Please Pacify And Liberate My Fettered Mind!

过去心不可得,The past mind cannot be attained,
现在心不可得,The present mind cannot be attained,
未来心不可得。The future mind cannot be attained.

– 金刚经 (释迦牟尼佛)
Diamond Sutra (Sakyamuni Buddha)

Here are three famous Chan (Chinese Zen) stories to share, with the similar theme of pacifying and liberating the fettered mind, followed by reflections on them.

How To Pacify Your Mind

In the year 527, when Master Huike (慧可) met Master Damo (达摩), the (Chinese) Chan Tradition’s First Patriarch (禅宗初祖) near Shaolin Monastery (少林寺), this dialogue ensued.


Huike: Of all Buddhas’ seal [essence] of the Dharma [truth], can it be attained by hearing about it?
Damo: Of all Buddhas’s seal of the Dharma, not from man is it attained.
Huike: [confused] As my mind is yet to be at peace, I beg Master to pacify it.
Damo: Bring me your mind, and for you, I will pacify it.
Huike: [after searching] Having sought for my mind, it cannot be attained.
Damo: I have for you, pacified [put to peace] your mind completely.

Hearing this, Master Huike attained awakening, realising that just as there is no actual (unchanging or substantial) graspable unenlightened (unpacified) mind to be pacified (没实在的不安心可安), there is no actual graspable enlightened (pacified) mind to be attained to pacify the mind too (没实在的安心可得). Both notions of an unpacified and a pacified mind (不安心与安心) were from grasping at his delusional thought (妄想). He then followed Master Damo for six years, before receiving the title of the Chan Tradition’s Second Patriarch.

How To Liberate Your Mind

In the year 592, when Master Daoxin (道信) met Master Sengcan (僧璨), the (Chinese) Chan Tradition’s Third Patriarch (禅宗三祖) at the ‘Monastery Of The Mountain Valley’ (山谷寺), this dialogue ensued.


Daoxin: May Master be compassionate, and liberate me from my fetters.
Sengcan: Who is it that fettered you?
Daoxin: No one fettered me.
Sengcan: Since no one fettered you, why do you still seek liberation from fetters?

Hearing this, Master Daoxin attained awakening, realising that while there is no actual (unchanging or substantial) graspable person (such as himself or someone else) or thing (such as the three poisons of attachment, aversion and delusion) that fettered him, it was only from grasping at his delusional thought that he was fettered by many, that truly fettered him. He then followed Master Sengcan for nine years, before receiving the title of the Chan Tradition’s Fourth Patriarch.

How To Be Fettered

Commemorating the above koan (gongan; 公案: public record of a Dharma teaching) in the same but renamed ‘Monastery Of The Third Patriarch’ (三祖寺) is a huge rock labelled as the ‘Rock Of Liberation From Fetters’ (解缚石) with the big words ‘Liberation From Fetters’ (解缚) carved onto its top flat surface. After sharing the koan with us during a visit, the Abbot added that as many do not understand its message, they settle with circumambulating the words by walking on the rock. Some even created formulaic superstitious beliefs that going around ‘x’ number of times can help this or that mundane wish to come true. How ‘unzen’!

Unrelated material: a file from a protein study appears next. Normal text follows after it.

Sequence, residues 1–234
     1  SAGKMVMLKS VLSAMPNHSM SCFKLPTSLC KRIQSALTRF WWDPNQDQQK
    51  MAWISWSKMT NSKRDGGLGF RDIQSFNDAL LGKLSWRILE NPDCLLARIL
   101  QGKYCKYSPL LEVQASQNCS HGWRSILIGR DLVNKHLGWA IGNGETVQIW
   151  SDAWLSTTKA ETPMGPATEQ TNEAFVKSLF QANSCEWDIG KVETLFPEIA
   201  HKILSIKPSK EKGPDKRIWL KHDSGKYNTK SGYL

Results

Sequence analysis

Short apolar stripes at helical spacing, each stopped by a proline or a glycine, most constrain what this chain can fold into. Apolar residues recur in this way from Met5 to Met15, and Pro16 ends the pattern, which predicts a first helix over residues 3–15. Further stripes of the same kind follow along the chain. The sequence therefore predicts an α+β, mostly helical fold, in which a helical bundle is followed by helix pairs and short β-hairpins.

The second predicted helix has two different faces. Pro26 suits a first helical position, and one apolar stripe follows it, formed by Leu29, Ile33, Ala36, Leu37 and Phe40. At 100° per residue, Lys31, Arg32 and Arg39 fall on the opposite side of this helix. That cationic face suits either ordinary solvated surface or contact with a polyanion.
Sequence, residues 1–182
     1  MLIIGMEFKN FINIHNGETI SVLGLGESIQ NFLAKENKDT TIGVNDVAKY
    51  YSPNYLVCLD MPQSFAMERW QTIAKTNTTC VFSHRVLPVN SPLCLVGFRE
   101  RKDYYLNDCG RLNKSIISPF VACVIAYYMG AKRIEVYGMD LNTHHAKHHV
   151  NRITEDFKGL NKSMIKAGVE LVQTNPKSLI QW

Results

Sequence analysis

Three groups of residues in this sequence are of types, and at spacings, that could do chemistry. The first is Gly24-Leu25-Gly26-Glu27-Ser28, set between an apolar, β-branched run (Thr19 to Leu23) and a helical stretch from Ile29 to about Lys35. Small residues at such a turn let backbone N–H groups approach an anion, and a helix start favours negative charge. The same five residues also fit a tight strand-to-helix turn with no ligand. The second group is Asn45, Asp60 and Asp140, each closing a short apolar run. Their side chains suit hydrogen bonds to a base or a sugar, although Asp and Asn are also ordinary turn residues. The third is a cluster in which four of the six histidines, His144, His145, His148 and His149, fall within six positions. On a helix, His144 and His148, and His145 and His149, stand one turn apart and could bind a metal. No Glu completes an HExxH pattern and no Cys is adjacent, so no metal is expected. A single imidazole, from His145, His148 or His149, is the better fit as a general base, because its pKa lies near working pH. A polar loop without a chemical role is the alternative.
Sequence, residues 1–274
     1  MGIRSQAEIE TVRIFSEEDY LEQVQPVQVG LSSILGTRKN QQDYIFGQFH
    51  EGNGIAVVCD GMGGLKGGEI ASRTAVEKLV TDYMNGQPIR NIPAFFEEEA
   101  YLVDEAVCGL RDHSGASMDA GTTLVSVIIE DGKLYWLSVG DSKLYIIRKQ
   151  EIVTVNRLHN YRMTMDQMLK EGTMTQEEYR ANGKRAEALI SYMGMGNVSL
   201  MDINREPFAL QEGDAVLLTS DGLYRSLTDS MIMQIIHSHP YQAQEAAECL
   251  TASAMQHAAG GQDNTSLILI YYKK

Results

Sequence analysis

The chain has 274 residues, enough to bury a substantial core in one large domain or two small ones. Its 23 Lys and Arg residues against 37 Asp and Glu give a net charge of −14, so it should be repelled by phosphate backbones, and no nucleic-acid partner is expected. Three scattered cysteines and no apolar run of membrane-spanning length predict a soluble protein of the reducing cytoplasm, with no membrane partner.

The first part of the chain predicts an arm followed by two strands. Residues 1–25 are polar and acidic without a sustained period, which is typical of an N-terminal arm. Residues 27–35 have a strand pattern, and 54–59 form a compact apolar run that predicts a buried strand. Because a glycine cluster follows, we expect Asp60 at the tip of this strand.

To my surprise, despite what said, many did indeed walk on the rock… with spiritual aspirations and reverence I hope! Would doing so be meritorious, while wearing out the rock with worldly desires be demeritorious? Snapping some pictures to remind myself to write about this, it seems that many did miss the point of the koan? Instead of reminding themselves to not be fettered by anything, did they, with incredible irony, become additionally, even if just for a while, fettered to a gigantic and heavy rock with some deluded desires? If so, is this not a literally ‘big’ and ‘solid’ lesson missed? And am I not also fettered to wanting to speculate and share about this? It seems appropriate then, to end with the next dialogue between two other Chan Masters.

How To Be Unfettered

藏门: (指庭院石头) 三界唯心,万法唯识。你且说说看,这块石头是在心内呢?还是在心外?
雪斋: 在心内。

Zangmen: (pointing at rock in courtyard) The three spheres [of existence] are of the mind only, the ten thousand dharmas [of all phenomena] are of the consciousness only. Why don’t you tell me, about this piece of rock – is it inside the mind, or outside the mind?
Xuezhai: Inside the mind.
Zangmen: Why should one who travels [to seek the truth] put a piece of rock in the mind?

So, is the rock truly inside or outside your mind? When thinking about the rock, is it not inside? Yet, how can something so bulky be inside your mind? Or is it only there when fettered to and weighed down by it? If not attached to, is it still inside your mind? If not, how can it not be linked to your mind that perceives it? Or is it inside and outside at the same time, or neither, or beyond? Is the full realisation of the answer, of how we should relate to all phenomena not liberation itself? What are your mental rocks, your spiritual blocks? What fetters you now?

That said, since our minds are habitually attached to this or that delusional thought, which makes it difficult to be fully unfettered within one lifetime, we might as well cultivate pure mindfulness of Buddha (e.g. Amituofo; Amitabha Buddha) more diligently now, so as to unfetter ourselves from delusional thoughts as much as we can, through sincere and constant refuge in his blessings. Upon reaching his Pure Land and receiving his further guidance, total liberation from all fetters is guaranteed!

The universe is selflessly seamless,
while self-centred beings draw lines,
being attached to self and not-self.
Yet, the universe flows on freely,
like how liberated beings do.

Stonepeace | Books

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